Trans-Pacific Partnership is a wonderful idea – for China
By Dan Breznitz | 26 December 2015
I don’t agree with all of the author’s points of view, but some of his criticisms of the TPP, arguing from a free market perspective, are just damning.
U.S. website containing the text of the TPP: https://ustr.gov/tpp/#text.
Continuing with a summary of some of the points in this article:
The author, by the way, is involved with the Munk School of Global Affairs at the University of Toronto.
. . . most of its two million words concern how markets need to be regulated. . . .
. . . The TPP harms all the requisites of efficient competitive markets, innovation and entrepreneurship. . . . puts limits on information, in terms of both access and usage.
. . . it adds another layer of intellectual property protections, which means broader, longer and deeper limitations on access to, and use of, information. In doing so, the TPP will hurt the ability of consumers and entrepreneurs to make informed decisions. . . .
. . . the very questionable usage of investor-state dispute-settlement mechanisms – special courts in which foreign investors can sue countries, states and local authorities but cannot be sued back. This elevates one economic actor (investors) to a status above all others . . .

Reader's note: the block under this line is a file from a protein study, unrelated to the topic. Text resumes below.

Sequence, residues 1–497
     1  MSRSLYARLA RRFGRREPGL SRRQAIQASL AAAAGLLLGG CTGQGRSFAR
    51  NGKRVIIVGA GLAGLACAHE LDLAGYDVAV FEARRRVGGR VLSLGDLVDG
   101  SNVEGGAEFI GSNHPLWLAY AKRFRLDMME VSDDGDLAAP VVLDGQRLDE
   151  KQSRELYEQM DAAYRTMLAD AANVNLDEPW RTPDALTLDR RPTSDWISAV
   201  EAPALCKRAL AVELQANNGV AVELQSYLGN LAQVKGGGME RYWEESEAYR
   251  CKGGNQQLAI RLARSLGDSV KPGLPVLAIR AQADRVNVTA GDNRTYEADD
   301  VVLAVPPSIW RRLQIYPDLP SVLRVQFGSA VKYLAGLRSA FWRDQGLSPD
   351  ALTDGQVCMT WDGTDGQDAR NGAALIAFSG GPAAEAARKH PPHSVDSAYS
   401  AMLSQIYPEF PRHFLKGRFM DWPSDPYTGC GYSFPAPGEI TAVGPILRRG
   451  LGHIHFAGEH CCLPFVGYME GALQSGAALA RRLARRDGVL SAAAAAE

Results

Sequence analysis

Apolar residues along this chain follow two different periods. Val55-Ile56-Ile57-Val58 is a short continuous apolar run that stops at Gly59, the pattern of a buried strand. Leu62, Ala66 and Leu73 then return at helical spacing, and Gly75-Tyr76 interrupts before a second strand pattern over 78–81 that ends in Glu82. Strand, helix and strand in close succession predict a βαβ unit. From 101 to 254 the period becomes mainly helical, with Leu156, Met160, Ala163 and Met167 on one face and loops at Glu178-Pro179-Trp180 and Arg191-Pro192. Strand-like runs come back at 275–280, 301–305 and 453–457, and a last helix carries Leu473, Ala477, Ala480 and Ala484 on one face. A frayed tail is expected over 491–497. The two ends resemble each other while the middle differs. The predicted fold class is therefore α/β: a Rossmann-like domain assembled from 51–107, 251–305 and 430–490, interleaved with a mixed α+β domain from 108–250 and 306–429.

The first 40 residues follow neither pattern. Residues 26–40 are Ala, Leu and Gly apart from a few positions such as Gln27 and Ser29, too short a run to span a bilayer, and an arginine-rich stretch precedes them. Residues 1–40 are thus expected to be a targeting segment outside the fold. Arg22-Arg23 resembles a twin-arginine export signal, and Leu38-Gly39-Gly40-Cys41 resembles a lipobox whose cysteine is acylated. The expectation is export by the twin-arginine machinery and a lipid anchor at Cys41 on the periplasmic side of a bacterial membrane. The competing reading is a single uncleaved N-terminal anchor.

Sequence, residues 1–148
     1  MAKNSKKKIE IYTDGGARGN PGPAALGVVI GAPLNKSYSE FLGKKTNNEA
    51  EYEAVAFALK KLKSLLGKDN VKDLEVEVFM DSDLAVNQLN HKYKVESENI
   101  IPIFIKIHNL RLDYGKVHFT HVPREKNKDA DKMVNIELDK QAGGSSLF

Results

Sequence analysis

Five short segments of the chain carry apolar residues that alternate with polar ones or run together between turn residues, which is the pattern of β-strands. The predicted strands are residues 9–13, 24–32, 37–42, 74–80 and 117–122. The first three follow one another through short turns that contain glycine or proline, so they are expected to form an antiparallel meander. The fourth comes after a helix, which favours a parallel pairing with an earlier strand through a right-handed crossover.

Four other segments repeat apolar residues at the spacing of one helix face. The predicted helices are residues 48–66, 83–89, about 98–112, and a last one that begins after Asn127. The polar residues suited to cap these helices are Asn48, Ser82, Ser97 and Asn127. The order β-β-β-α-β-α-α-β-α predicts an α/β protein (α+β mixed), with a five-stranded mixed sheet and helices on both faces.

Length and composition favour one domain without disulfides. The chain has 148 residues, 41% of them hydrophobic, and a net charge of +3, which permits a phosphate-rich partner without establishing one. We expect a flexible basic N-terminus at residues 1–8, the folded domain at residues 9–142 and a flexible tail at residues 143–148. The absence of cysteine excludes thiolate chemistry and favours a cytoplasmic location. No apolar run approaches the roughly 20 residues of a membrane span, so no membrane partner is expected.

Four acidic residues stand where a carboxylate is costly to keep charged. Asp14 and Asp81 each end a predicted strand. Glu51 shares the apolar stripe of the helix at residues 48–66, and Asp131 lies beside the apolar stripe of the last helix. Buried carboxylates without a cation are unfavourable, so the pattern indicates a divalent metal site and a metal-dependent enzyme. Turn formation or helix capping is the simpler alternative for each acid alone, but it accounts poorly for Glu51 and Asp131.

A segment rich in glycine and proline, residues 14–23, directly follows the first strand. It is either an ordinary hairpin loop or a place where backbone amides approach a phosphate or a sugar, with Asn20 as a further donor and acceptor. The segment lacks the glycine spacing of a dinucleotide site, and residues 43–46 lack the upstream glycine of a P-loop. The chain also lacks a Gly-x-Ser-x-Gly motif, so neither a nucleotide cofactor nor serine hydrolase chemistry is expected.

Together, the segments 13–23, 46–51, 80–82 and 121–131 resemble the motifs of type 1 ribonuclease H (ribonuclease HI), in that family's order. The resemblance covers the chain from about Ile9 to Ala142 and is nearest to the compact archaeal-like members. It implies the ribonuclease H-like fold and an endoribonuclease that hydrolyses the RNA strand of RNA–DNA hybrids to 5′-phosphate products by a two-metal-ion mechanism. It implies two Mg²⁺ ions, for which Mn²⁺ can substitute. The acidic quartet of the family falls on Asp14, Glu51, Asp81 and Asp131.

. . . rather than modernize intellectual property rights for the 21st century, the TPP authors appear keen to return us to the era of 19th-century trade secrets. .. .
The TPP breaks with this [newer] tradition in ways that can seriously restrict entrepreneurship, diminish competition and limit the basic economic freedom of individuals. Article 18.78 adopts a potentially very broad concept of a trade secret, a very wide range of activities that might constitute a breach . . . also calls for criminalization. The potential risk for would-be entrepreneurs to start a business in anything that even remotely relates to their past job are now enormous.
The resulting chill in entrepreneurship alone would cost the U.S. and Canadian economies significantly . . . Even more disturbing, Articles 18.74 and 18.75 profoundly expand the enforcement measures . . .
. . . recognition that the patent system is broken . . . is so widespread that the U.S. Congress has already acknowledged it . . .
The TPP completely disregards this understanding by taking the most extreme version of the current U.S. intellectual property regime . . .